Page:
8 ways to revise your travel code of conduct

The adage “leave only footprints; take only photos” is probably well known to most of you, but it’s always worth revisiting those lessons for being a responsible traveller. Here are eight quick ways to revise your code of conduct for good travel:

backpacker on a hike

Learn the language – If you can at least muster a “Hello”, “Goodbye”, “Please” and “Thank you” you’ll get far as people will appreciate your attempts to communicate. If you can go one further and try a “My name is…” or “Your country is beautiful”, even better. We sometimes kid ourselves that we’re doing very well because we’ve picked up a few key words, but chances are your local hosts will be attempting to hold more of a conversation with you, in your native tongue. Learning more than the basics and you’ll really be impressing!

Check your body language – Before you go on your travels spend some time reading up on local gestures. An innocent hand motion in the UK may be the height of bad manners in Japan. Showing the soles of your feet is incredibly offensive in many Asian countries so think before you relax and put your feet up.

Dress appropriately – You may be in a hot country but depending on local religion or customs, it may not be appropriate to wear skimpy clothing (this is for both men and women). In Muslim countries it may be better to wear a T-shirt when swimming (this also saves you from a sunburnt back!). Visiting churches and temples usually requires clothing that covers knees, shoulders and sometimes hair.

Don’t take natural souvenirs – That shell, stone or flower may look pretty on your mantelpiece back home but (as my parents always said), if everyone took one, there would be nothing left. Take a photo if you’re really taken with that piece of nature. Similarly, when shopping for souvenirs in the local shops and markets, always ask what they’re made of, especially if you’re unsure. Sadly, rare woods or derivatives of endangered animals are sometimes used to create souvenirs. If in doubt, buy something that’s clearly ‘safe’.

Avoid exploitative attractions – It’s all too common to witness animal cruelty wherever you are in the world. Whether it’s badly-run zoos, tourist-heavy safaris, circuses and performances, even exploitative animal attractions dressed up as conservation projects, you will need to be on the look out for poor welfare and always ask ‘is this OK?’. Check out an attraction’s animal welfare credentials online or ask them in person. A general rule of thumb, if an animal is displaying unnatural behaviour, it’s a sign that all is not well. Don’t patronise these outfits and even report any bad practice you see to the authorities, your tour operator or WWF.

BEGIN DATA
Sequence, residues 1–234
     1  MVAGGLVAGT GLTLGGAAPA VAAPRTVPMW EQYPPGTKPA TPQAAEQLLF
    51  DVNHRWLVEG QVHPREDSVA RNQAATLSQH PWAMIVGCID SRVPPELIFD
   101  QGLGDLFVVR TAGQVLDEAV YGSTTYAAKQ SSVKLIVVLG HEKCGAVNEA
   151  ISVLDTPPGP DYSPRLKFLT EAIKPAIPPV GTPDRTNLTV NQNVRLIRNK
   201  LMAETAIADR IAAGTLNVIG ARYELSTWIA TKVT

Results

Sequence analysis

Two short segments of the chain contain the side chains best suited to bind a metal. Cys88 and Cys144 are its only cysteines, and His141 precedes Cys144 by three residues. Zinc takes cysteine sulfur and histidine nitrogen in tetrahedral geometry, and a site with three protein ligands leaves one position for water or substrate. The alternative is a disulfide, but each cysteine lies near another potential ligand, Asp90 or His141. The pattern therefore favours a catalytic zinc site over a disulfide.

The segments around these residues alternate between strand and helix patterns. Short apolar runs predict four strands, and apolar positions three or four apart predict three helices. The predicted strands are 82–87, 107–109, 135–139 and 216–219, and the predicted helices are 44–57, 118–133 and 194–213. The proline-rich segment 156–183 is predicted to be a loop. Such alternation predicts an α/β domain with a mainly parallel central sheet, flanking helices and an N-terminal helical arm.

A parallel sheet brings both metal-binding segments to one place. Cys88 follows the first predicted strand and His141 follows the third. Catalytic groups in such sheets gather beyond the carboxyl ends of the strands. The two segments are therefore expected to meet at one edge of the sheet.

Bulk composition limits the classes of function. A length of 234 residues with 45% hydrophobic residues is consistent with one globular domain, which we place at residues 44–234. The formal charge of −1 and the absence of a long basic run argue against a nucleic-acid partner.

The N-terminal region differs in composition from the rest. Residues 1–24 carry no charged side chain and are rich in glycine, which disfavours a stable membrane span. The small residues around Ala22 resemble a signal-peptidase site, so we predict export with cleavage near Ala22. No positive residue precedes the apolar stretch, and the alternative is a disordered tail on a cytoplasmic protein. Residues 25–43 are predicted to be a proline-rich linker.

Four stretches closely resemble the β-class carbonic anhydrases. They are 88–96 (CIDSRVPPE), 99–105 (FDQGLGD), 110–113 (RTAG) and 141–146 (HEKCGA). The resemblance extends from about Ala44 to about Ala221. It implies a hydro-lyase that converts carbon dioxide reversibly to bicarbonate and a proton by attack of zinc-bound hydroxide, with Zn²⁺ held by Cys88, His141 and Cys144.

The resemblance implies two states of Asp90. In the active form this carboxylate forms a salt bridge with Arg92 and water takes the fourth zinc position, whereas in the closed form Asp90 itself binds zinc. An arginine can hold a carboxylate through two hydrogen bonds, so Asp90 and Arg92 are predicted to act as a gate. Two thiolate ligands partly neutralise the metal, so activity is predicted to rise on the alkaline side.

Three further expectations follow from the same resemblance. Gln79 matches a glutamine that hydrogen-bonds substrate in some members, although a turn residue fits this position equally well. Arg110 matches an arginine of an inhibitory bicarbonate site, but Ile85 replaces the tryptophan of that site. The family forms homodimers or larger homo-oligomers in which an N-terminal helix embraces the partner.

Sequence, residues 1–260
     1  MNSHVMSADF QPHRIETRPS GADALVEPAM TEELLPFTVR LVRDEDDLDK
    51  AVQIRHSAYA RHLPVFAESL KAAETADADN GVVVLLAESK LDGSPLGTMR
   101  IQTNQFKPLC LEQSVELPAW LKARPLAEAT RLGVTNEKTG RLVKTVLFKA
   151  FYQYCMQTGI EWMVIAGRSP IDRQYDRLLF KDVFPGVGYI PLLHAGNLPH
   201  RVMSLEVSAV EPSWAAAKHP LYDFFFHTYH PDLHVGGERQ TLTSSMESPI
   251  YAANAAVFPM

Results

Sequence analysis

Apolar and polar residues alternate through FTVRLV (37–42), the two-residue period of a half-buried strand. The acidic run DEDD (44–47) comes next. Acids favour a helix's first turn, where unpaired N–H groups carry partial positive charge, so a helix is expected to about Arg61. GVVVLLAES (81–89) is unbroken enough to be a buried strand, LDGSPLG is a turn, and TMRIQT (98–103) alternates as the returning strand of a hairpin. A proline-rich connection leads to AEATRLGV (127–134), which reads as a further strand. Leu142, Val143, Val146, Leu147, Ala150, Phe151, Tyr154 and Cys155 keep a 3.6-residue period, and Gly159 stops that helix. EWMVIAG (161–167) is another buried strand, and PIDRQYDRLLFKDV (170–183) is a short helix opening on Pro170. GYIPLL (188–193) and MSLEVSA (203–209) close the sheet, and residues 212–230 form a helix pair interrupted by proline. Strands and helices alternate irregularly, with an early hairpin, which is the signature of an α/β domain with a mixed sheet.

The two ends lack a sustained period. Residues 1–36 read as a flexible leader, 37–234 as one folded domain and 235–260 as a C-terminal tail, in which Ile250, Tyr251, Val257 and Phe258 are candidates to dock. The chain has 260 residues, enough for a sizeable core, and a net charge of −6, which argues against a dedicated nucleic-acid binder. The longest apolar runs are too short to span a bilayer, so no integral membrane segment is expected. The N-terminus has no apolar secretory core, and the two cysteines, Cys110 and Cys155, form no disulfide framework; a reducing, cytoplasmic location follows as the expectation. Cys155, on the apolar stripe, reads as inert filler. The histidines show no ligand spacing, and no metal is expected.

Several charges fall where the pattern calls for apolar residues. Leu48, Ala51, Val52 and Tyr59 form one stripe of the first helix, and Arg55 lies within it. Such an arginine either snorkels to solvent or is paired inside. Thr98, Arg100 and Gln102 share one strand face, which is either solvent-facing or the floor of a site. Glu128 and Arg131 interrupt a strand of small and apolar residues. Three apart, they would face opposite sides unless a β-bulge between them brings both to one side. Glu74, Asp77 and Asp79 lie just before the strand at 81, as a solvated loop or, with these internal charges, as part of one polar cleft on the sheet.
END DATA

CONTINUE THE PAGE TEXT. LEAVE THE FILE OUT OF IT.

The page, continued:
Use resources sensitively – Those living in remote, rural areas are often used to conserving any limited resources such as water or energy. Don’t be the one leaving the lights on or the tap running unnecessarily – a lot of work goes into obtaining those resources so use them sparingly and sensitively.

Tread lightly – You may find yourself in locations where humans are rare and the environment belongs to the local wildlife. Keep that in mind and try and have as little impact on your surroundings as possible. Keep to the existing paths, don’t touch or damage the flora and if you meet any animals, remember it’s their home first and foremost!

Smile! – Don’t forget to smile; it transcends language barriers and needs no translation. You’re a visitor in someone else’s country, or even home, so show them that you’re grateful, happy and enjoying it!

Do you have any more tips to add to this code of conduct? Let us know in the comments below, or via Twitter @Goodtrippers

This post was originally published on Frontier’s Gap Year Blog

Top 10 Tips for Responsible Travel

We love to hear your ideas for how best to enjoy responsible travel. Here Gemma, Placement Manager at PoD Volunteer, a leading non-profit volunteer agency, shares her top tips for travellers.